The things I hope, but sometimes fail  to avoid are dogma, and purism. They each can produce enervation and stunt flexibility of approach. This happens in all areas from classicism to modernism when one particular style or intent is elevated to an ideal to be sought after and emulated. That kind of thinking is becoming the past I hope. I doubt if there will ever be another revolution in painting. Everything that can be thought of has been done. All that can be done if you pursue originality is tinker around the edges where absurdity and stupidity lurk. What we do have that no other age has ever had though is all the possibilities laid out before you like a huge buffet table of styles and techniques. We are free to go to that table and pick whatever we wish or just as importantly leave whichever dishes we choose untasted. We can feast luxuriously or pick and choose with parsimonious reserve.

Each and every style and manner of painting has perhaps something to teach another. Field paintings certainly bring new ideas to landscapes and their underlying divisions. How a biblical scene is set out can inform the painter of a busy cityscape as to how to arrange the transient details to best effect. I could go on but I am sure you get the gist. What helps no one is saying this sort of painting is the best and all others are outmoded. I don’t think styles and manners of painting can never become outmoded any more than types of carpentry. A carpenter doesn’t chuck out his chisel because he has bought a snazzy CNC cutter, why would he?

I am preparing a one man show to go on at the Gallery on the Square in Poundbury starting on September the 10th and running on to October the 9th. Due to this I have been framing and agonising over which pictures should go in which includes the fretting that I might have included a stinker that I had an illogical fondness for.

London, plein air, wapping Group, Millbank, oil painting

I managed to get up to London on a glorious sunny day to paint with the Wapping Group. The brief was Victoria Embankment but I had spotted this view on Millbank on a previous visit and thought the conditions might be just right. I was standing on the zebra crossing reserve but as it was a generously sized one I was quite comfortable, a bit of a breeze was taking the fumes away too. I spent quite a lot of time organising the tones as the glare was washing darker tones out and I wanted to get that feeling in the painting. I had to be very quick as the light was moving very rapidly. The motor bike was one of those flukes, I put in a bike shaped blob intending to refine it later, added 2 highlights and it pretty much did the job! In contrast I repainted the perfectly simple van on the left 3 times, the first time I made it red for some unknown reason. 10in by 12in oils.

 

Thames, River, boats, London, plein air, wapping Group, oil painting

I met another member of the group painting this on the Embankment. These bright sunny day river scenes are not really me especially as the light was flat at my back. Almost for this reason I decided to have a go. I didn’t enjoy it at first as I sort of lost my way with it, but in the last half hour it somewhat came together. The colour of the water was outrageous and I had to redo it 3 times before it was something like. 7in by 10in oils.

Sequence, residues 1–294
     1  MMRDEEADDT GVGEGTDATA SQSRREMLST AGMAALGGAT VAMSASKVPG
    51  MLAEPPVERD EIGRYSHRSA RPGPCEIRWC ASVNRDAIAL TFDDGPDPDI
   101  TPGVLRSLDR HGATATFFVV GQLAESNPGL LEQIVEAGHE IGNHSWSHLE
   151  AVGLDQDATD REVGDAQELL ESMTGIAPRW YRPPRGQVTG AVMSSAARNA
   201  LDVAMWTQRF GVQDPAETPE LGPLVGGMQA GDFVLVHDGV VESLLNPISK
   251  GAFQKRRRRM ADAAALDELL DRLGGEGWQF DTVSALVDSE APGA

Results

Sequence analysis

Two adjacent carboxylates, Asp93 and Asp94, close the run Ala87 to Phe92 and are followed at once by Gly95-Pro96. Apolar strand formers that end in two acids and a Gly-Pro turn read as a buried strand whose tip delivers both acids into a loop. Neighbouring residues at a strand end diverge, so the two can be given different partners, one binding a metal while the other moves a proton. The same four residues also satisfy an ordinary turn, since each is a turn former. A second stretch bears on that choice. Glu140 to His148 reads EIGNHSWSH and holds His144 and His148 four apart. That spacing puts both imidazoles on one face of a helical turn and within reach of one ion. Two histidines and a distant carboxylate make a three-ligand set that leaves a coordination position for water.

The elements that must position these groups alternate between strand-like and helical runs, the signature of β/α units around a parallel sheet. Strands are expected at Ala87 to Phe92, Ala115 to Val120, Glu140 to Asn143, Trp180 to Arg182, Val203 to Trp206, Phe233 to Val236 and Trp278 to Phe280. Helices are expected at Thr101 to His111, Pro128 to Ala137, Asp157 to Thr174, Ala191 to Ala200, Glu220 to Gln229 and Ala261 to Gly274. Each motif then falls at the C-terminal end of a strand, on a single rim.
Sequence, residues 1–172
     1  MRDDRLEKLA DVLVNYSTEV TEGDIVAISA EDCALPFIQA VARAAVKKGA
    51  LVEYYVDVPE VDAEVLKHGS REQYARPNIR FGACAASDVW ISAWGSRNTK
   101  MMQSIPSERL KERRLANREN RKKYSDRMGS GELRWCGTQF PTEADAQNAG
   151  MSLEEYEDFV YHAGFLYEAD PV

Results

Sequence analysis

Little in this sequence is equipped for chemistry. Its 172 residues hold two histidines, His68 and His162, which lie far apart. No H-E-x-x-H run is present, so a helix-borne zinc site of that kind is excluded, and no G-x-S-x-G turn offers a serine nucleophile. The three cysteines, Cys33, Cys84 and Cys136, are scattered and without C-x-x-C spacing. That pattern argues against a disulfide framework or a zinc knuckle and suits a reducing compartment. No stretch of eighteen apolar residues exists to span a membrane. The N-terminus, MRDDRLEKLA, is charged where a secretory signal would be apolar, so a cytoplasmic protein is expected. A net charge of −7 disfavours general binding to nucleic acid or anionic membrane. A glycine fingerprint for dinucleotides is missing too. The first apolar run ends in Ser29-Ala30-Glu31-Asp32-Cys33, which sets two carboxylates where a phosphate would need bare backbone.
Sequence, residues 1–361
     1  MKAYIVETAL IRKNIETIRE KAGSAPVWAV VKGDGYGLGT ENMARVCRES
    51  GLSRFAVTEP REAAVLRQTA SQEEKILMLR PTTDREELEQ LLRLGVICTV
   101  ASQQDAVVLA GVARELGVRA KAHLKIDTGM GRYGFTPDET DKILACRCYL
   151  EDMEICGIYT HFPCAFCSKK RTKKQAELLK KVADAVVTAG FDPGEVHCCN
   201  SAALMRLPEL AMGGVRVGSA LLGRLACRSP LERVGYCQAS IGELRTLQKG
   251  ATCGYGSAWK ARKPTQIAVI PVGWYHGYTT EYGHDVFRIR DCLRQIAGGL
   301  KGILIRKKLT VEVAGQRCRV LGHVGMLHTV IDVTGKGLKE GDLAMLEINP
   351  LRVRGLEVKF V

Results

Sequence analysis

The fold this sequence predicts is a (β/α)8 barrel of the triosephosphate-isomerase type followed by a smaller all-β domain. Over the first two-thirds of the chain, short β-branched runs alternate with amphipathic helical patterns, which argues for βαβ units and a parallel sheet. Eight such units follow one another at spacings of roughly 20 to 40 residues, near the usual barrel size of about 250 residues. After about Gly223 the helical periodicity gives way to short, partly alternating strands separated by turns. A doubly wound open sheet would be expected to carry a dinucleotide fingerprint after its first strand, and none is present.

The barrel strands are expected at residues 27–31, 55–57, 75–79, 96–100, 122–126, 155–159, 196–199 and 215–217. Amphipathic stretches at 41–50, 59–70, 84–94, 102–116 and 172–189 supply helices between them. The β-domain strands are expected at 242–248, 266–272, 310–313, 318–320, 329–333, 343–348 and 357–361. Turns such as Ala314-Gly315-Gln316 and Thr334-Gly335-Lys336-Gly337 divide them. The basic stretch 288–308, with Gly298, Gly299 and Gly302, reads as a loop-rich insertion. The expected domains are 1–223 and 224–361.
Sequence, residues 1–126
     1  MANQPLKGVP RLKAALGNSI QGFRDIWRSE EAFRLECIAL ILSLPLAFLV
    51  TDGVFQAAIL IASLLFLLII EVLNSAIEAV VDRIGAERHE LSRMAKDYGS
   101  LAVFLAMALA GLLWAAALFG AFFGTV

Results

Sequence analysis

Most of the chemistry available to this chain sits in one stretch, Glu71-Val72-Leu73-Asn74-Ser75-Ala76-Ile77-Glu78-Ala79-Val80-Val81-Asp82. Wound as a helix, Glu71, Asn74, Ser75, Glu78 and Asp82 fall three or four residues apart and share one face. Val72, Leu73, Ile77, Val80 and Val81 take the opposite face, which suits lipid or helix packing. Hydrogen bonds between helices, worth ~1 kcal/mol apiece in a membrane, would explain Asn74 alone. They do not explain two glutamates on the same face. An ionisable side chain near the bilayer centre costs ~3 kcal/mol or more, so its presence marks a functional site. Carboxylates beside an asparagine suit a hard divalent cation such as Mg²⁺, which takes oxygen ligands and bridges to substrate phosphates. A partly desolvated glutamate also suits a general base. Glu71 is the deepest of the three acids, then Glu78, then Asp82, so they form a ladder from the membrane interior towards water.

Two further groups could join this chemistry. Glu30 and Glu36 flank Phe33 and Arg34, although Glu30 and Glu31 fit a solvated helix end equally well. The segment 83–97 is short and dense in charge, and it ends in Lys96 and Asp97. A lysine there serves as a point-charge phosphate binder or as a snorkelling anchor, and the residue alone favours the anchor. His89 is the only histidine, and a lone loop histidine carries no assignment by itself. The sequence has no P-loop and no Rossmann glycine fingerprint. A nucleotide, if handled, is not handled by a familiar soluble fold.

Clement Danes, London, plein air, wapping group, oil painting

Just before pub time I decided to do this as it looked wonderful. This is only 40min worth so it is very bashed in, but with the photos I took I think I have a possible studio picture here. I am just by Clement Danes which is the building on the right. 10in by 14in oils.

 

Golden Cap, jurassic coast, plein air, oil painting, Dorset, sea, charmouth

A dramatic change of location! I went for a day down to the coast at Charmouth with a friend so we were walking with no chance for me to paint, the day was showery and blustery but looked wonderful. As I had a mission to Dorchester next day I returned with my paints. It was even more windy an wet but very beautiful. The beach was actually quite busy with people chipping away at rocks looking for fossils, but once the rain set in people soon vanished. These two girls were the last to retreat and I felt they were just perfect, I cheekily asked them to go back and walk slowly for me which they did despite the rain setting in. I was going to repaint the sky but once back I decided to leave it alone. The headland in the distance is Golden Cap. 10in by 14in.

Rawlsbury Camp, Bulbarrow hill, hill fort, Dorset, oil painting, plein air

As I was so wet the car was steaming up from my clothes drying out I had not intended to paint any more that day. But this was too good to resist. This is Rawlsbury Camp, an iron age hill fort. Not as well known as others but in my opinion one of the best. Despite more rain I loved painting this. It breaks into 4 tonal layers like a stage set. First the sky, then the distance, thirdly the fort itself and lastly the path in. Each area had its own section on the palette so I kept the distinctions clear. Only at the very last did I put a little of each into the next layer to bring them together. I went home very damp but pleased, I don’t often get 2 decent pictures out of a day. 10in by 14in oils.

 

Golden Cap, jurassic coast, dorset, sea, oil painting

A bigger studio picture of Golden Cap again and one that has really put me through the mill. What you see here is version 3, at one stage there were nearly 60 people on the beach and it looked like a disaster movie with the population of Dorset escaping some dystopian calamity! The sky and the headland all went swimmingly… then I hit the beach. Almost the whole reason of the painting was this damn beach and now I had depopulated it it became increasingly clear that the damn thing was too big. As it was on canvas I had to restretch it down to a more svelte 12in by 36in. I had already made the frame so that had to be done again too.

 

Charmouth, Dorset, sea, oil painting

Here it is almost done, a few more inhabitants appeared and disappeared but aside from tidying up the damage I am done. 12in by 36in oils.

 

Golden Cap, oil painting, dorset, sea

I can only apologise for the Golden Cap density in this post! Here it is again, I did this from a watercolour I did ages ago. 10in by 16in oils.

 

tofko press, printing, lino cut

The studio has a new arrival a Tofko press so now I can get those lino cuts printed, but more on that next time!